Academic journal article Ethics & International Affairs

Identifying Limits on a Borderless Map

Academic journal article Ethics & International Affairs

Identifying Limits on a Borderless Map

Article excerpt

Two requirements have governed my thinking about an appropriate response to the attacks of September 11: the urgent need for action that would greatly reduce the threat of future mega-terrorist incidents, and the necessity of recognizing the appropriate legal, moral, and political limits to waging a defensive war.


In this essay, the need for action is taken for granted, given the gravity of the harm inflicted in the form of an armed attack, the persistence of the threat posed by the proclaimed intentions and apocalyptic leadership of Osama bin Laden, the demonstrated capability of al-Qaeda to carry out such missions, the dramatic failures of prior reliance on law enforcement techniques to apprehend and punish the perpetrators of major terrorist acts, and the inadequacy of intelligence warnings and preventive actions to provide societal protection. In essence, it would have been impossible for the government of the United States to retain its legitimacy if it had not responded as effectively as possible to the September 11 attacks. Indeed, to retain credibility, sovereign states must demonstrate their capacity to provide security by acting decisively in emergencies to mobilize the relevant resources at their disposal. The difficult challenge was to translate this imperative for action on behalf of security into effective policy directives, given the unprecedented nature of this enemy. It was not a state, but rather a "network" with operational nodes in sixty or more countries, including quite possibly the United States; nor was it formally or openly associated with any particular state or geographical area.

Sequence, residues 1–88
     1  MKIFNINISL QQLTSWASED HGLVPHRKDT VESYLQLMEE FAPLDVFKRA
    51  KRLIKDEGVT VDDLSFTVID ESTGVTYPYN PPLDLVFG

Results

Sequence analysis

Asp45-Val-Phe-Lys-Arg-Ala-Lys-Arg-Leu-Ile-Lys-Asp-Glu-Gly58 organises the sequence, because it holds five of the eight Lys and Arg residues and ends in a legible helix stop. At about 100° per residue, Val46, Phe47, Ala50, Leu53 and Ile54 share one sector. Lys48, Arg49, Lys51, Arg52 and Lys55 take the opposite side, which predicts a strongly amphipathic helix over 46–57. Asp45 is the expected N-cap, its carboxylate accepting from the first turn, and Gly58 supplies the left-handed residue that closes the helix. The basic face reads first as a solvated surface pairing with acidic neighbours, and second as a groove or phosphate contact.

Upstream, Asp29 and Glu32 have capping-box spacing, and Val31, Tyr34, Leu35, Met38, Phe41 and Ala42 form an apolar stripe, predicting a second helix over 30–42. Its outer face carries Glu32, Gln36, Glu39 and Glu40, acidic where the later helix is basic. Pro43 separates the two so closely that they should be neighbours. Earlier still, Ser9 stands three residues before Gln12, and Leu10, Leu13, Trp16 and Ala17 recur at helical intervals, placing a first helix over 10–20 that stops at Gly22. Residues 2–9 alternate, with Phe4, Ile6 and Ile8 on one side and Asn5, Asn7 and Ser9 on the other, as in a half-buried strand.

The decision by the Bush administration to launch a war against Afghanistan as the first phase of an effective response was generally convincing. There seemed to be strong evidence of the presence of bin Laden and the al-Qaeda headquarters in Afghanistan, a presence made possible by the Taliban regime. This regime was the embodiment of the most severe variant of Islam ever translated into a governing process, and this oppressive model of Islamic life evidently represented the visionary goal of the al-Qaeda terrorist activity for the entire Muslim world. The Taliban leadership was symbiotically linked to al-Qaeda and its leadership. Osama bin Laden has been quoted on several occasions as expressing his admiration for Taliban-style rule as correctly embodying and prefiguring a desired Islamic political order. There have also been several journalistic assessments, including by Ahmed Rashid, of the degree to which Mullah Mohammed Omar has accepted the visionary orientation toward the United States articulated by Osama bin Laden. (1)

As of late December 2001, the Afghanistan war had met its major early-stated objectives, seemingly reducing significantly al-Qaeda's capabilities to engage in global terrorism and seriously tarnishing its image as a credible opponent of the United States in the context of a military and civilizational encounter. Although the U.S. government did not rely on a humanitarian intervention rationale, a beneficial side effect of its military operations has been to emancipate the peoples of Afghanistan from cruel and brutal rule, with improved opportunities of rescue from the immediate threat of mass starvation and the deeper conditions of extreme poverty, worsened by twenty-five years of war.

The victory in Afghanistan has by no means extinguished the September 11 threat, but it has decisively weakened al-Qaeda's capacity for mega-terrorist activities originating in Afghanistan. Al-Qaeda's presence was so manifest in Afghanistan that it seemed highly reasonable to hold this particular sovereign state sufficiently culpable to vindicate recourse to war against it: a war that aimed not only to destroy the al-Qaeda presence and to capture or kill Osama bin Laden, but also to destroy Taliban rule. …

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